European travel with e bikes!

Tara D.

Active Member
What a great way to expose people to e bikes :) My mother in law recently took a vacation and did a bike tour, now I'll need to ask if it was on an E-bike!
 

irenewg13

Active Member
What a great way to expose people to e bikes :) My mother in law recently took a vacation and did a bike tour, now I'll need to ask if it was on an E-bike!
I will be receiving more info. It is with an organization named, Road Scholar !! I love that name ;)
 

Tara D.

Active Member
Road Scholar is a very cool program, have you checked out the Living and learning series? I would love to do something like that, but it will have to wait until the kids are grown!
 

irenewg13

Active Member
I just read about them, this morning. It sounds awesome, and my kids are grown.
Road Scholar is a very cool program, have you checked out the Living and learning series? I would love to do something like that, but it will have to wait until the kids are grown!
 

irenewg13

Active Member
Overheard us!
Thanks for the info.
What canton do you live in? You show pictures of mountains, and valleys.
It's pretty common


You mean I'm trustworthy? Thanks. :D

More seriously... One of the most popular routes in Switzerland is the Hertzroute or route 99. It crosses the heart of Switzerland from South to North, and can be done in about 2-3 days. Many people do it without any form of guide. All you need to do is rent an e-bike (in almost any major train station) and follow the official itineraries which are marked by specific road signs that direct you. Every so often, you will need to stop at a battery changing (as opposed to charging) station. You can swap your rented bike's battery for a new one there...

View attachment 4056

There are some pics here, although they failed to translate the website in English:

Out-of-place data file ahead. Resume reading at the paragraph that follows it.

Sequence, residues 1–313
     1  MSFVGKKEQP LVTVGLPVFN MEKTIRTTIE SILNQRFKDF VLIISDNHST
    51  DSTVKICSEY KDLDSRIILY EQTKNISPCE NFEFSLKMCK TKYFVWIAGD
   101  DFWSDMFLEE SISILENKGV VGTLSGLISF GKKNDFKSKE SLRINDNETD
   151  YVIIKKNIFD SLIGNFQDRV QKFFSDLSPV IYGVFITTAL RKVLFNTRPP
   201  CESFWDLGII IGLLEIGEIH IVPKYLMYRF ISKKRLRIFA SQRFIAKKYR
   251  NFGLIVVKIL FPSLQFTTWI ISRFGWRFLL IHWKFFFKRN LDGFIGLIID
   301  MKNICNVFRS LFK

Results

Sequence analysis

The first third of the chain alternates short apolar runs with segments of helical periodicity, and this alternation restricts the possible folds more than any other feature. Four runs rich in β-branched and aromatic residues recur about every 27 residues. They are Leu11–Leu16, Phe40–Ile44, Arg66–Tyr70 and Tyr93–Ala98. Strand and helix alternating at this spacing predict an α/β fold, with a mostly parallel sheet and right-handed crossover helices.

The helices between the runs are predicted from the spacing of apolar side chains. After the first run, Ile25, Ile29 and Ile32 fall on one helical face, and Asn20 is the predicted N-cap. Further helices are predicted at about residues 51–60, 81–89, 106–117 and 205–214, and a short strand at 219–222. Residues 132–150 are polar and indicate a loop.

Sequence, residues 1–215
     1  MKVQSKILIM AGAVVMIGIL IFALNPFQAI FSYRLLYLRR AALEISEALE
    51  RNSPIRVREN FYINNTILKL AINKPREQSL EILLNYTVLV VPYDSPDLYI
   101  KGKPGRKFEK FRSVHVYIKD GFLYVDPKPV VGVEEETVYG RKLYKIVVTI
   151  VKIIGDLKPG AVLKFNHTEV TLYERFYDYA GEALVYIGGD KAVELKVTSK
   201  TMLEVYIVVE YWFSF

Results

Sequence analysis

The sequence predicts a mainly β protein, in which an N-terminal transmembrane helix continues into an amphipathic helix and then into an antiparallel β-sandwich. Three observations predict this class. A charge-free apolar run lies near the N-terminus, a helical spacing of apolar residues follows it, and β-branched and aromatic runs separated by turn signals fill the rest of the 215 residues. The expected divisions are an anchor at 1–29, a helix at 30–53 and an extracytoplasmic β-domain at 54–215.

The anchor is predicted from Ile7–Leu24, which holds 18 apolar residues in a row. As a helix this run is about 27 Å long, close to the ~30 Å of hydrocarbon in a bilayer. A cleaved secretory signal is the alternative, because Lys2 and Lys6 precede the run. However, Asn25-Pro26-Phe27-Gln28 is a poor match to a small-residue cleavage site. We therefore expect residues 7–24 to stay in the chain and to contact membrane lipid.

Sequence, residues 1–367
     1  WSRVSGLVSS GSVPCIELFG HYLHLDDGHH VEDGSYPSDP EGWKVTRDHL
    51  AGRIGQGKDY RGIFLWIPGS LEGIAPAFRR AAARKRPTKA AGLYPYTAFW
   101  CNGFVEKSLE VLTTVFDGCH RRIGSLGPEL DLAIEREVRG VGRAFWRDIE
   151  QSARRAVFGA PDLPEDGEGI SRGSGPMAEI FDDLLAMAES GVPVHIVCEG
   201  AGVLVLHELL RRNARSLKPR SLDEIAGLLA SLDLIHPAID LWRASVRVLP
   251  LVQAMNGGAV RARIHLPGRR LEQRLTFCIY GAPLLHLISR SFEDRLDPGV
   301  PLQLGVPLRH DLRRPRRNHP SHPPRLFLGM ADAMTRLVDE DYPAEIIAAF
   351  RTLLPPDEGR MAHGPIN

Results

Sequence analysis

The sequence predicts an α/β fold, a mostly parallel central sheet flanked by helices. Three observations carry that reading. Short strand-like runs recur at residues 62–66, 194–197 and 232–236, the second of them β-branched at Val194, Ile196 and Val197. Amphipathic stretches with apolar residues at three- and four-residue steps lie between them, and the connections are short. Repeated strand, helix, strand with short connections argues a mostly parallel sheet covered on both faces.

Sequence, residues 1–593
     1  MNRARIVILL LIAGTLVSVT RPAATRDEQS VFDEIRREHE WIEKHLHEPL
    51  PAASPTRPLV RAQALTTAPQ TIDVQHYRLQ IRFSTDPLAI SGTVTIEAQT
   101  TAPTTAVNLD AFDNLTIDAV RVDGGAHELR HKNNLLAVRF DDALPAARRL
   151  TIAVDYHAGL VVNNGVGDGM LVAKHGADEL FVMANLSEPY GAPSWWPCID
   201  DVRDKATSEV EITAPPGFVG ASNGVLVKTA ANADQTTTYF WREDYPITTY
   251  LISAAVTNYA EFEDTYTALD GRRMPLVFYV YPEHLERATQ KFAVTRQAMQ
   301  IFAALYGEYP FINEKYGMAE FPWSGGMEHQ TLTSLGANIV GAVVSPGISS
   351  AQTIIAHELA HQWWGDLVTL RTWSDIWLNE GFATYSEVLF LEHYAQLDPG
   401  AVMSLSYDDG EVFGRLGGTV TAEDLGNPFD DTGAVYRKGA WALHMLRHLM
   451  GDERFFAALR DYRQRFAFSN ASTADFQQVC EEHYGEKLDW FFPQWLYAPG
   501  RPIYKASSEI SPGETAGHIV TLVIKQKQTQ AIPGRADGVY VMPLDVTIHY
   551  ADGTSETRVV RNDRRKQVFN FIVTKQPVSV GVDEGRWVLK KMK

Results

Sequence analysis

http://www.herzroute.ch/fr/la-galerie/images/

These bike itineraries are meant to keep you away from dangerous roads whenever possible. But you will often cover much more distance than if you had followed the main road. You can typically add an extra 40%. In others words, if it's 50 kilometers from A to B, you can expect to travel 70 kilometers to get there with one of these itineraries. The terrain may also be much more hilly. You will have to climb more hills than via the direct route. If you're in fairly good shape, and plan well, it shouldn't be an issue.
 

irenewg13

Active Member
C'est d'accord, je peux lire en francais.

It's pretty common


You mean I'm trustworthy? Thanks. :D

More seriously... One of the most popular routes in Switzerland is the Hertzroute or route 99. It crosses the heart of Switzerland from South to North, and can be done in about 2-3 days. Many people do it without any form of guide. All you need to do is rent an e-bike (in almost any major train station) and follow the official itineraries which are marked by specific road signs that direct you. Every so often, you will need to stop at a battery changing (as opposed to charging) station. You can swap your rented bike's battery for a new one there...

View attachment 4056

There are some pics here, although they failed to translate the website in English:

http://www.herzroute.ch/fr/la-galerie/images/

These bike itineraries are meant to keep you away from dangerous roads whenever possible. But you will often cover much more distance than if you had followed the main road. You can typically add an extra 40%. In others words, if it's 50 kilometers from A to B, you can expect to travel 70 kilometers to get there with one of these itineraries. The terrain may also be much more hilly. You will have to climb more hills than via the direct route. If you're in fairly good shape, and plan well, it shouldn't be an issue.
Overheard us!
Thanks for the info.
What canton do you live in? You show pictures of mountains, and valleys.